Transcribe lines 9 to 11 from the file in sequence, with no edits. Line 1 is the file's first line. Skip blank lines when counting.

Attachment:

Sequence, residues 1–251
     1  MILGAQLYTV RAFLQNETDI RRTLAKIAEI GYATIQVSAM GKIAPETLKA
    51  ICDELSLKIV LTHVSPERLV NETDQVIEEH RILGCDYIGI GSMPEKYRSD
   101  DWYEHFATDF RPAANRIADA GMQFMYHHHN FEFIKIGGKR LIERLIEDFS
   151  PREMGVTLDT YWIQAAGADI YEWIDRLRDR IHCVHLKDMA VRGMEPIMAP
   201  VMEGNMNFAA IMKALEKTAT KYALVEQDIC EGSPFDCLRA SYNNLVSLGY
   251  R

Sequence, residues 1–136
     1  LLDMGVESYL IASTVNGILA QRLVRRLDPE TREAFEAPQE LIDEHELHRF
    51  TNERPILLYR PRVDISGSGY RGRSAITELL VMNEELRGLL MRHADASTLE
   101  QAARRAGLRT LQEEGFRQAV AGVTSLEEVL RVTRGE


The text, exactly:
     1  LLDMGVESYL IASTVNGILA QRLVRRLDPE TREAFEAPQE LIDEHELHRF
    51  TNERPILLYR PRVDISGSGY RGRSAITELL VMNEELRGLL MRHADASTLE
   101  QAARRAGLRT LQEEGFRQAV AGVTSLEEVL RVTRGE